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Stock Grants and Awards

Last updated 29th Nov 2022


The term employee stock grants and awards refers to two types of compensation programs that provide a select group of employees with a fixed number of shares of common stock at the current market price, a discount, or free of charge. Stock grants and awards provide these employees with an immediate opportunity to share in the ownership of the company.

These grants can be transferred to the employee unrestricted, or with restrictions.


Unlike stock purchase plans, which are considered non-compensatory and provide employees with the ability to purchase shares of the company's common stock at a discount, stock grants and awards are typically provided to a select group of employees the company desires to retain.

These plans provide employees with an immediate transfer of company ownership by granting or awarding the employee with shares of common stock they can purchase at a discount or receive free of charge. Generally, these plans fall into one of the following two categories:

  • Unrestricted Shares: as the name implies, these plans involve grants that are not subject to restrictions. In the case of unrestricted grants, the award is considered compensation, and the employer is allowed to expense this benefit once the right is exercised (the employee does have the right to refuse the offer). The employee is required to pay income tax on the difference between the price paid for the stock and its fair market value at the time of the transaction. This is referred to as the "bargain element." This mechanism can leave the employee with a significant tax burden. When sold, the employee may also realize a capital gain or loss.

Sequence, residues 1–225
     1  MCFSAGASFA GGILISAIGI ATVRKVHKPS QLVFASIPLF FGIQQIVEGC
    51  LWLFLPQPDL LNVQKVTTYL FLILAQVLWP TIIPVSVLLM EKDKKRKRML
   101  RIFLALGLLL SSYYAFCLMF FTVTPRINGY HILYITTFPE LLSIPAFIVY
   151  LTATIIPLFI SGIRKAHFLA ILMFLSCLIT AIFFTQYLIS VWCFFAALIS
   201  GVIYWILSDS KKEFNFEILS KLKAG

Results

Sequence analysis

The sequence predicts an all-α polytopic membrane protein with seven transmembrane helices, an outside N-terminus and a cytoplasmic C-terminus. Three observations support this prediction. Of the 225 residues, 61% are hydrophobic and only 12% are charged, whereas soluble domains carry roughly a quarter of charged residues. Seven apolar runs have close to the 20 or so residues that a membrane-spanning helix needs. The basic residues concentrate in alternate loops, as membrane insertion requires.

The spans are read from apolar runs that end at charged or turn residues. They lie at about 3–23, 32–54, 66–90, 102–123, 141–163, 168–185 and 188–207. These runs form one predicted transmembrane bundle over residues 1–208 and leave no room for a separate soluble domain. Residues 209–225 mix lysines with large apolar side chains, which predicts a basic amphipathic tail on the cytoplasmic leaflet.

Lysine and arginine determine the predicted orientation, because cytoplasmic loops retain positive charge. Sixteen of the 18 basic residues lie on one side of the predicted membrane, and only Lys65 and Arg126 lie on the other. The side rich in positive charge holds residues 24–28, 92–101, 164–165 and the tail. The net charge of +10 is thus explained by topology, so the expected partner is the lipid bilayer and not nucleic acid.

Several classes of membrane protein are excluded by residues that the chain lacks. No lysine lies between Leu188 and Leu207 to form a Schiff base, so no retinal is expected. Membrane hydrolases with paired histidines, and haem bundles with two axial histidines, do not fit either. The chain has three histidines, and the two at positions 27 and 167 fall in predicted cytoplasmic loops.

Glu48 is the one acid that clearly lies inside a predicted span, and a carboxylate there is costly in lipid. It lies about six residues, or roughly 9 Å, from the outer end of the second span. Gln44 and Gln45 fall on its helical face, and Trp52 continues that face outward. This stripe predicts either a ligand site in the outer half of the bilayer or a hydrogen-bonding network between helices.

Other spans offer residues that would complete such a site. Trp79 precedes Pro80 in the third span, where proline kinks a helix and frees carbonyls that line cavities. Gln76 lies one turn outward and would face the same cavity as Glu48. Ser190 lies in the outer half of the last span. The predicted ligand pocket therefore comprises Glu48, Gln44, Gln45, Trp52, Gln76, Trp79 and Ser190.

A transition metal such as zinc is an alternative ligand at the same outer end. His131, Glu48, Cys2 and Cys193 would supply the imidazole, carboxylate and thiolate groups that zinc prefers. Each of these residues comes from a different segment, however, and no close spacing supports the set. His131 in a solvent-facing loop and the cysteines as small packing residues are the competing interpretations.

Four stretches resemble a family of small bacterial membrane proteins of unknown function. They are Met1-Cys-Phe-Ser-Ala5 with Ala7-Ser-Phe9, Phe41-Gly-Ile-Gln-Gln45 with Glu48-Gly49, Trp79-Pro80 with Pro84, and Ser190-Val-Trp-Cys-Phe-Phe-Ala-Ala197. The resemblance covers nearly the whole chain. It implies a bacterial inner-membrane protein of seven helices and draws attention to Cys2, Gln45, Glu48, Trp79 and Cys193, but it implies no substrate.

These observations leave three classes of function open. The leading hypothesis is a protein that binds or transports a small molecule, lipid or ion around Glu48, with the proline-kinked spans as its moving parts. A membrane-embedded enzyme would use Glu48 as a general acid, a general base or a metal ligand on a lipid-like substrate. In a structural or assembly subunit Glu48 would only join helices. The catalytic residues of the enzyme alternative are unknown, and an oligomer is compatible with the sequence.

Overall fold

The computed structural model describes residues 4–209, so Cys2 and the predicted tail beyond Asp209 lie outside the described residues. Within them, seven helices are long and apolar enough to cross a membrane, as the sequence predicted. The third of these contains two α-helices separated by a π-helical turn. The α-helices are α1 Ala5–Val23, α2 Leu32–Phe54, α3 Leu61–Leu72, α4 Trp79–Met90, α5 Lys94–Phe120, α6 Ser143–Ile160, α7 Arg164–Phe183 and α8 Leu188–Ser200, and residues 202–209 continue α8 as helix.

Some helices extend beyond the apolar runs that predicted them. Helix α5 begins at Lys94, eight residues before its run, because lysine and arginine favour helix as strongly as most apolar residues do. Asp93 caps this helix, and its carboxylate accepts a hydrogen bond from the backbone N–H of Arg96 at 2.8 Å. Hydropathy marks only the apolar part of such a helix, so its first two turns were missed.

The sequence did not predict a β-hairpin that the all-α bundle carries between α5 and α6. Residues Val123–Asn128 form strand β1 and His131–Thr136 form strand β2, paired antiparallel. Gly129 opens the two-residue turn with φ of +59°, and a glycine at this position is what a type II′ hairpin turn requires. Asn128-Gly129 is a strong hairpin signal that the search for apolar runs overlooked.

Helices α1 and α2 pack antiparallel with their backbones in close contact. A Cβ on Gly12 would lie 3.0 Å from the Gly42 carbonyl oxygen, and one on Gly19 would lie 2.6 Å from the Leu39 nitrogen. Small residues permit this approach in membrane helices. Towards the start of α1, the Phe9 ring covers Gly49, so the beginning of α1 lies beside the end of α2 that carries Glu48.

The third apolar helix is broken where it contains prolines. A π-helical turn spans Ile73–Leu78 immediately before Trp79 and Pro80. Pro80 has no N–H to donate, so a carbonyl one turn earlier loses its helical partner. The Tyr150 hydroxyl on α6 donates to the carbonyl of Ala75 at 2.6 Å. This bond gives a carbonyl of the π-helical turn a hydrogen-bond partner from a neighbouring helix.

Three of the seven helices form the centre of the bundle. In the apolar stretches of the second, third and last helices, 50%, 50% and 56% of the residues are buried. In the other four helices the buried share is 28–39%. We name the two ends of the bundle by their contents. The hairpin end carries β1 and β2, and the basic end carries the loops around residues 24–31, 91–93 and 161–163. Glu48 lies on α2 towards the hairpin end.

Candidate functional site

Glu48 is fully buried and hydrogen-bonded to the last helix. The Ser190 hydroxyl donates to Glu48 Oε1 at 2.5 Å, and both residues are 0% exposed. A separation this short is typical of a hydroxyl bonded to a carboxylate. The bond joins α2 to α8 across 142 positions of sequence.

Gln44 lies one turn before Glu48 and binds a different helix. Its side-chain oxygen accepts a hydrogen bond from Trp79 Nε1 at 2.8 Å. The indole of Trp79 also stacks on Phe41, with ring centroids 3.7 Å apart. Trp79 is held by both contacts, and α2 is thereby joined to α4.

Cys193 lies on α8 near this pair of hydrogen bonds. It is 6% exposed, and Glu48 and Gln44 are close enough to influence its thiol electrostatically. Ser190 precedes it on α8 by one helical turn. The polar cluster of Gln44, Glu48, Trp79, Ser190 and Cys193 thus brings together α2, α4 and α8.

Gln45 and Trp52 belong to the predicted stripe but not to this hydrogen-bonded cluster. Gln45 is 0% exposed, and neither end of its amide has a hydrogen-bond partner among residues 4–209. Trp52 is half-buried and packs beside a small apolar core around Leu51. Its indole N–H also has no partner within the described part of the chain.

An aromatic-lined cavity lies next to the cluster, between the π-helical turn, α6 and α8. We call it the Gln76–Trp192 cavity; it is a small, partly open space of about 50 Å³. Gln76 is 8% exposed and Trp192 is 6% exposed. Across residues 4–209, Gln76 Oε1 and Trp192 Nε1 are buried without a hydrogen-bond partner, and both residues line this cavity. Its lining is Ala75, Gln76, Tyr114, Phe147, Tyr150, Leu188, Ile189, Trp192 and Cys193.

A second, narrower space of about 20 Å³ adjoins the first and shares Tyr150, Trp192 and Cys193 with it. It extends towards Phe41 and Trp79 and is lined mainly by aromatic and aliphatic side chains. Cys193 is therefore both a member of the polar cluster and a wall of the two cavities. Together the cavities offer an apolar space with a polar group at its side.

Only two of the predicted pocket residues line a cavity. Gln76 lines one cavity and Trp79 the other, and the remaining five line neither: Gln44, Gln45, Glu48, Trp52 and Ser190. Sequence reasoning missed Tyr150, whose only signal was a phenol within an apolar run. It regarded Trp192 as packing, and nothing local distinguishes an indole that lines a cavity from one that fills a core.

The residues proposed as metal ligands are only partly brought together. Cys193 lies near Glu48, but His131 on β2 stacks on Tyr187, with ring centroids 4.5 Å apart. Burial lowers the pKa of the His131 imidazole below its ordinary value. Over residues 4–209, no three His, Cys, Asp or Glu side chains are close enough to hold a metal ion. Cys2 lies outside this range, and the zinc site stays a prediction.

• Restricted Shares: companies prefer to place restrictions on the award of common stock. Generally, this restriction involves a vesting schedule, whereby the employee is entitled to retain ownership of the stock over time or when certain performance standards are achieved. When grants of stock are subject to restriction, the tax law allows the employee to declare the bargain element of the award as income as the shares become vested.

While the vesting schedules associated with restricted shares appears to be advantageous to the employee, if the market price of the company's common stock rises rapidly, the bargain element may be considerably higher than when first granted. The tax law allows employees to lock in this compensation through the use of a Section 83(b) election.

Related Terms

common stock, stock warrants, employee stock purchase plans, stock compensation plans, stock option plans, Section 83(b) election, common stock equivalent, contingent issuance agreement, appreciation and phantom rights, stock rights

Moneyzine Editor

Moneyzine Editor